The patchwork man

There’s a threadbare, patchwork carpet in this motel room reeking of stale cigarettes where I spend my days. I stare at its once lurid details now aged and coated with dust. I’m naked and lying on crumpled sheets next to a girl I picked up at a greasy spoon. The patchwork fascinates me in so many ways. Maybe it’s the medley of shades that remind me of a heart that’s been broken and sewed together a hundred times. Or perhaps, it’s the grime on the cloth that’s akin to a mind fallen into despair.

Life hasn’t been kind these last few years, and the adages like: “It will only get better,” haven’t proved themselves right. I’m the archetypal Byronic hero; the quintessential idealistic nihilist. I know the latter is an oxymoron but isn’t every equation in existence incongruous to a certain degree? Know that I’m not here to boast about my idiosyncrasies. I say these things with a pained soul.

My lover shifts in her sleep and I look at her and wonder if this is all there is. Seamy rough sex in unhygienic rooms. Post-coital drags and half-drunk beer cans. Animalistic lust and sadistic impulses. What about love and deep intimacy? What about attachment and synergy? Sure, it doesn’t have to be cheesy like a quixotic ramble about aubades and the morning dew, but there has to be something more lucid and more profound than only the coming together of warm bodies.

As the years have passed, I’ve grown darker and more tainted like the old patchwork carpet. Somewhere within me, a feral beast has risen, and I struggle with all my might to repress him. But my greatest fear is not if he erupts and takes control, but me voluntarily letting him take charge because I enjoy him. I feast on my twisted fantasies and relish the darkness already. Perhaps the time for redemption has passed, and I’ll soon paint my face white, wear mascara and pull more dangerous pranks than silly phone calls or hiding in closets like a little child. But then again, doesn’t hope reach those who fate has bequeathed to spiritual penury? I’m devoid of inner opulence but doesn’t truth seek the reprobates trapped in painful bondages of will?

Still, don’t talk to me about the light or silver linings. I have nothing against the light, but I’d rather not speak of it. And what are silver linings but a clichéd idiom that asks you to look at the flip side when you’re dying on the battlefield? You’re in a soporific condition, and what are you supposed to do to find the bright side? Dream of unicorns and teddy bears? I’d rather a friend slap me awake for a moment and give me a shot of vodka that burns because there’s twisted pleasure in pain. And that’s another of life’s paradoxes that won’t fit into any schema.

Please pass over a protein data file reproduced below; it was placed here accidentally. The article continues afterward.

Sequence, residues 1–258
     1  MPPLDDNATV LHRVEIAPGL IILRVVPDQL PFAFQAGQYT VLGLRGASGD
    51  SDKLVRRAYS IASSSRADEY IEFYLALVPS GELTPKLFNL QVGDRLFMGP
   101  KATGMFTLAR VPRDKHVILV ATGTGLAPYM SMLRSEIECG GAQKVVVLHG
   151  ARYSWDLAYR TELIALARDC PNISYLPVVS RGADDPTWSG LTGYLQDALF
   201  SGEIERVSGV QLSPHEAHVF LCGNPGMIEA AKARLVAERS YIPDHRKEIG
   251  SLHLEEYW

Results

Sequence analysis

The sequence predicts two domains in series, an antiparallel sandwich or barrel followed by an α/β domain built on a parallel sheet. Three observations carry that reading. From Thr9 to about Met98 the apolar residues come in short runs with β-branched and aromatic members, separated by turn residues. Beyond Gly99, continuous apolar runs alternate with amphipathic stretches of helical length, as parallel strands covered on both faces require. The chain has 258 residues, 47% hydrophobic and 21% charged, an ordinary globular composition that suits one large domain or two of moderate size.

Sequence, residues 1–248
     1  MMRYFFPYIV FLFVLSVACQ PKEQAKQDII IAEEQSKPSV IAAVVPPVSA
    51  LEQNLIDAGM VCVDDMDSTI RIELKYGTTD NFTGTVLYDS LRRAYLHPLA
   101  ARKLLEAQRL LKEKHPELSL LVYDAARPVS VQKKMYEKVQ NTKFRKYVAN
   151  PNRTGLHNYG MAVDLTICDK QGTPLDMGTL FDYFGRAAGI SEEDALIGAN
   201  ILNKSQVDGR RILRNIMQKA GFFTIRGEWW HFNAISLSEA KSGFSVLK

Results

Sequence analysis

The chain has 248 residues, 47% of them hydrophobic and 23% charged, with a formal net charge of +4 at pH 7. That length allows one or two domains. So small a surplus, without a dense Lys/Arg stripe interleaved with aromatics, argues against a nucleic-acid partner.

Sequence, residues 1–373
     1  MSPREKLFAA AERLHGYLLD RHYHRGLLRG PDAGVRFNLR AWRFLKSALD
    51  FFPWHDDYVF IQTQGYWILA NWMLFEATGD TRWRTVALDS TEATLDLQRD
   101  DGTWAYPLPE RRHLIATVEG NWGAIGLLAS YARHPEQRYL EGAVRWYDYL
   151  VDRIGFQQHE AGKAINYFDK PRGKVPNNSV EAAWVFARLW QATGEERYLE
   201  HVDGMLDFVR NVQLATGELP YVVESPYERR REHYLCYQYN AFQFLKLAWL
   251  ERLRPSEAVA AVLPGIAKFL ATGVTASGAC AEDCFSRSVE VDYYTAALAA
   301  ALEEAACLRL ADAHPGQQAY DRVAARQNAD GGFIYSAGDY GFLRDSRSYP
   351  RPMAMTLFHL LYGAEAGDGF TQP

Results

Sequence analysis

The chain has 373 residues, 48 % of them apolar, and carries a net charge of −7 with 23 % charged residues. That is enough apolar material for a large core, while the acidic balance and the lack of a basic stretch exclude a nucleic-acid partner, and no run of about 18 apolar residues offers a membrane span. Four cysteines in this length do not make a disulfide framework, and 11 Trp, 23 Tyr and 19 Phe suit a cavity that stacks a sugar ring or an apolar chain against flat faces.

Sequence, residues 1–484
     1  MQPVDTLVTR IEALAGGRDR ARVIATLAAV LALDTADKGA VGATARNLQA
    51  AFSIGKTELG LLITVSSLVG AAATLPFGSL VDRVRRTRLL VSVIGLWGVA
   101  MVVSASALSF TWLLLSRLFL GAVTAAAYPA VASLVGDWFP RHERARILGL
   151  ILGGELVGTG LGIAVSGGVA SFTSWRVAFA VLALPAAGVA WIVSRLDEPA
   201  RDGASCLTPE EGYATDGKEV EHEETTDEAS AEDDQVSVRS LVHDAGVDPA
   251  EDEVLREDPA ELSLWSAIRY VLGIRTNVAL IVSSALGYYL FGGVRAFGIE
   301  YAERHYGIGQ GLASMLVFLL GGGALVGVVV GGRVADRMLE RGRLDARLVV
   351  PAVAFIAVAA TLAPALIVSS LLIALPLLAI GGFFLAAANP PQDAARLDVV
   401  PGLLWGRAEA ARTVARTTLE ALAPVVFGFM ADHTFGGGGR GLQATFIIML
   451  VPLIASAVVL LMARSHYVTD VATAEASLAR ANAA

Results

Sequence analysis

If I were a statistician who borrowed his analogies and images from the field of parameters, population and inference and then wrote prose, I’d say life has too many qualitative variables that cause a deviation that creates a dependent variable. And the qualitative variables are depression, angst, stress, pressure and discontent; the deviation is a turn from exuberance, and the dependent variable is an addiction. I know what I just said sounds like jargon, but if you were to decipher it, you’d know that the truth blinds. Perhaps what I’m saying is too Dionysian in a Nietzschean sense, but I’ve tried to fit it within the Apollonian using statistical imagery. Is the dichotomy of anarchy and law truly present in us? Or is a man in his purest form a wild brute only constrained by an illusion of order?

I read about serial killers and necrophiliacs today. Men who found pleasure in dismembering innocent people and then storing their body parts in refrigerators, and I wondered if we’re all like that. If we’re all Enfant Terribles from Lord of the Flies. If given a chance without a society to constrain us, would we all take pleasure in bludgeoning our neighbours? Is the loss of naïvety something that occurs in a person’s life, or are we born depraved with an illusion of innocence? The beast within me roared today, and I fought him. I won a Cadmean victory, and he didn’t break through my ribcage and set himself free. But how long before he does? How long before an apocalypse of my soul takes place leading to ennui, and then accidie?

Or is there hope in this tragic motel room? My lover has left the room, and I’m still staring at the patchwork carpet. I don’t know if this is chimaera or real, but it suddenly takes the form of a patchwork man. He speaks with a lilt; says: “Hush now. There is solace in iniquity; structure in sin. Find it. It’s a fire burning in the cold. This dichotomy of the Apollonian and Dionysian is the source of all balance. Look at me. I’m a potpourri of colour, and yet filth coats me. I’m furore and peace. Hush.”

© Nitin Lalit Murali (2020)

Photo by Niklas Tidbury on Unsplash

Essays

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